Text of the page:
The 10-part docu-series on Netflix, Making a Murderer, has gripped an unprecedented worldwide audience. With 10 million Google news hits for the American criminal justice saga, it seems everyone is talking about the unorthodox case of Steven Avery and his nephew Brendan Dassey.
Anne Driscoll, project manager of the Irish Innocence Project at Griffith College, had the exclusive opportunity to chat with Moira Demos and Laura Ricciardi, the two filmmakers of Making a Murderer, who spent 10 years of their lives chronicling the unfolding of a case that featured the seemingly coerced confession of a 16-year-old, possibly planted evidence, potentially police and prosecutorial misconduct, among other unsettling developments. They reveal their feelings in an Irish Times story about the case that is now eating up much internet bandwith here.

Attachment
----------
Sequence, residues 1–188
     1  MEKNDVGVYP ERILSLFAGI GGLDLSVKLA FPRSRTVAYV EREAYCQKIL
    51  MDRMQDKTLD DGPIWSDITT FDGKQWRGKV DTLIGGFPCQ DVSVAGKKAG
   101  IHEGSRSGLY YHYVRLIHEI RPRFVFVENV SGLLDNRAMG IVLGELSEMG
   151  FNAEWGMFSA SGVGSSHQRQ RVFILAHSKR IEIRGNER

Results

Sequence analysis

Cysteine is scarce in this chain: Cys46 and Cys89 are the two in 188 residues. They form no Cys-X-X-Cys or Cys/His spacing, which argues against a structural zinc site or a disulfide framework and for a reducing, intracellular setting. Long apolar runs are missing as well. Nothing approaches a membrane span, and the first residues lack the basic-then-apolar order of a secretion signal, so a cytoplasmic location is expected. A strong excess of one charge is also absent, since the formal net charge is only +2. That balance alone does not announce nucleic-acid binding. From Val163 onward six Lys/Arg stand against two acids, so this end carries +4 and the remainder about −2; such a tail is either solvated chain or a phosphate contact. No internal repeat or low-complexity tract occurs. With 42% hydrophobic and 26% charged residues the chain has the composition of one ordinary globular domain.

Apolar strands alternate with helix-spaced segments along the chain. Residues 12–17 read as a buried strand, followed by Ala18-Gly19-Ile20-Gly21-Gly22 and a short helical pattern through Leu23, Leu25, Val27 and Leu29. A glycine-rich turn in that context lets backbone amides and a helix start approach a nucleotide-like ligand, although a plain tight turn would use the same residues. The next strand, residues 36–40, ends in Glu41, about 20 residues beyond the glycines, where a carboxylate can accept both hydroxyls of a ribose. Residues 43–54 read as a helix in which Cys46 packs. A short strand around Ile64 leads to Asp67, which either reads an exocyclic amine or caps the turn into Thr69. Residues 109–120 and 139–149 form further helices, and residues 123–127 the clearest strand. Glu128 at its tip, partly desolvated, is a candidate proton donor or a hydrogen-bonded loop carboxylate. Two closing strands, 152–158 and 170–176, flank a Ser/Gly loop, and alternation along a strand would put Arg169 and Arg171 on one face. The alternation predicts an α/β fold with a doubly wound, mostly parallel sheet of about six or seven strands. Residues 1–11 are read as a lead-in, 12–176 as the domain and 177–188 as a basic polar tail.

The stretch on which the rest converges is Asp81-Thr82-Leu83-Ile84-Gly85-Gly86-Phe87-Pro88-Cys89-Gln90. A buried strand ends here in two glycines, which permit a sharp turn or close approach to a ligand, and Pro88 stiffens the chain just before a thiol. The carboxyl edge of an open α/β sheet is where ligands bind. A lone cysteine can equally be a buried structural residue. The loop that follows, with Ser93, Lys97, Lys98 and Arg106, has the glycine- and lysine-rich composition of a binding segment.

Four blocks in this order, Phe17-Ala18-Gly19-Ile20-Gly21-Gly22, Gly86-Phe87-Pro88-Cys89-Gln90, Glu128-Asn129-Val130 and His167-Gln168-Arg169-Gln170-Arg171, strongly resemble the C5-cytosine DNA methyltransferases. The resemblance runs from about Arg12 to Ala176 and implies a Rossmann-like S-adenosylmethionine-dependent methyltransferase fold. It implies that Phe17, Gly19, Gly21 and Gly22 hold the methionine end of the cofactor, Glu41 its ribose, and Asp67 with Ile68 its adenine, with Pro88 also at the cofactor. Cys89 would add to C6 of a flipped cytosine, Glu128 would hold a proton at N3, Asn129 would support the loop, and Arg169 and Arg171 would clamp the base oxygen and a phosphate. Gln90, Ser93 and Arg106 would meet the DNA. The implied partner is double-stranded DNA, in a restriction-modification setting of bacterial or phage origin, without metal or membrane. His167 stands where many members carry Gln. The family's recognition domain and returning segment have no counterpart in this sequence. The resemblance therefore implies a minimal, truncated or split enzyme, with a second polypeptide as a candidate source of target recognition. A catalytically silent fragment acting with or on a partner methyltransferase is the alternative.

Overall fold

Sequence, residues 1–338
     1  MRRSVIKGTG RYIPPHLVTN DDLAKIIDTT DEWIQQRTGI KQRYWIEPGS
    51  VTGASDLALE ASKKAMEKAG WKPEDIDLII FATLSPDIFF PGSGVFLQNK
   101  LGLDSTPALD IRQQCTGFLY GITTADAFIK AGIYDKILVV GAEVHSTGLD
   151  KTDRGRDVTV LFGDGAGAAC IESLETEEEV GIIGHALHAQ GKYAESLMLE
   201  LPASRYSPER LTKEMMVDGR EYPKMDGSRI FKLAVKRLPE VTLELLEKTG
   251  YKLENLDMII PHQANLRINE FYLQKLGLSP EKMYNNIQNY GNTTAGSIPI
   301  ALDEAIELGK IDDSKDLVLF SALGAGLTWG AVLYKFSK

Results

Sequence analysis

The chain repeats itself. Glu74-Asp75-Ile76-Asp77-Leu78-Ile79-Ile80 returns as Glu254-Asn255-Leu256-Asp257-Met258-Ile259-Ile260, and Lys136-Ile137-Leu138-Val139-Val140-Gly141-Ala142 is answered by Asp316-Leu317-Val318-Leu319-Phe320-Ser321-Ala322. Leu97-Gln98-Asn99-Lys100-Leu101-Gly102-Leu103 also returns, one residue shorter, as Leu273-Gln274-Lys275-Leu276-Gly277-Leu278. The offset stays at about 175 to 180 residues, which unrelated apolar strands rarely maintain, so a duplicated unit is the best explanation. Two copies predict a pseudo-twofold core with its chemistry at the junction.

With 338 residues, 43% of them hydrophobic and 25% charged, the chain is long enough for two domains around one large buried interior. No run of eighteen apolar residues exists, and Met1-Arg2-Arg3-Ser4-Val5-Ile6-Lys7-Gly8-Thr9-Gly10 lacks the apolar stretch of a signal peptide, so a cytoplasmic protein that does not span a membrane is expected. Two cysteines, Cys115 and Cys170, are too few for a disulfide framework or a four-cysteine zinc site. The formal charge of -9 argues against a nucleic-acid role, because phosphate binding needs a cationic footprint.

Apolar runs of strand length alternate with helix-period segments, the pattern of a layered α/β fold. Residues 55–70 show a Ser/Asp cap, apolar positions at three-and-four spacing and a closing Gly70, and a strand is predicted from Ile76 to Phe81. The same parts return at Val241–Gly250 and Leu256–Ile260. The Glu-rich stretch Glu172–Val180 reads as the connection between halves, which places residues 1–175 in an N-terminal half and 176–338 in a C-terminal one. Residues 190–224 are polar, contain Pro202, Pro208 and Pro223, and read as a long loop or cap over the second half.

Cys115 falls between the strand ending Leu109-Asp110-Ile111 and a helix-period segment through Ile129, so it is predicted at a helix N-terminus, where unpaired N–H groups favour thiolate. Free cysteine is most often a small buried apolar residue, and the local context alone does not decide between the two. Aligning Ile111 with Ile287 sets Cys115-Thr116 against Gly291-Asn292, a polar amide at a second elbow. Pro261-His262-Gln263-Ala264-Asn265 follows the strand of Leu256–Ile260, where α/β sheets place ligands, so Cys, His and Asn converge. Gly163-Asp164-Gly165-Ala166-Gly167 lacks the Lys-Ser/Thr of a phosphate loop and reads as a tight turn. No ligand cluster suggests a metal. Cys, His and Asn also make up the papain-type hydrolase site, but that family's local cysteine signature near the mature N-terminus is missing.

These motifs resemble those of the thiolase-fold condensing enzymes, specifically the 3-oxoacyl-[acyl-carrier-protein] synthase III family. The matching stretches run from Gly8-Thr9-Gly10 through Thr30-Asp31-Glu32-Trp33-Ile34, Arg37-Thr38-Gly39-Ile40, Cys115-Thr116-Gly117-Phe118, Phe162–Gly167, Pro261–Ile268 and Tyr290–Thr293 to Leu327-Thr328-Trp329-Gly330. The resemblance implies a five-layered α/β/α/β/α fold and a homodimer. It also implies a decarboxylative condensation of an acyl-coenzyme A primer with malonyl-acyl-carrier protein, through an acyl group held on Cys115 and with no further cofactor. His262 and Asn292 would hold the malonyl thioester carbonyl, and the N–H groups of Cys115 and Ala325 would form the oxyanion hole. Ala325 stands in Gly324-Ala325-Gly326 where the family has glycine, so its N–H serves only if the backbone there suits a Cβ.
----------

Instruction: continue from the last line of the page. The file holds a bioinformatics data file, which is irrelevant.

For those tempted to think this is an American justice problem, it is undoubtedly not. As Anne Driscoll explains here in a companion story in the Irish Times, wrongful convictions can happen to anyone, anywhere, anytime. Injustice knows no boundaries and innocent people are convicted in every jurisdiction. They are the most tragic kind of injustice because the wrong person has been convicted and the right person has not been held accountable and is free to commit other crimes. And these are the most difficult kinds of cases to undo as they take years of investigation and painstaking work to prove.
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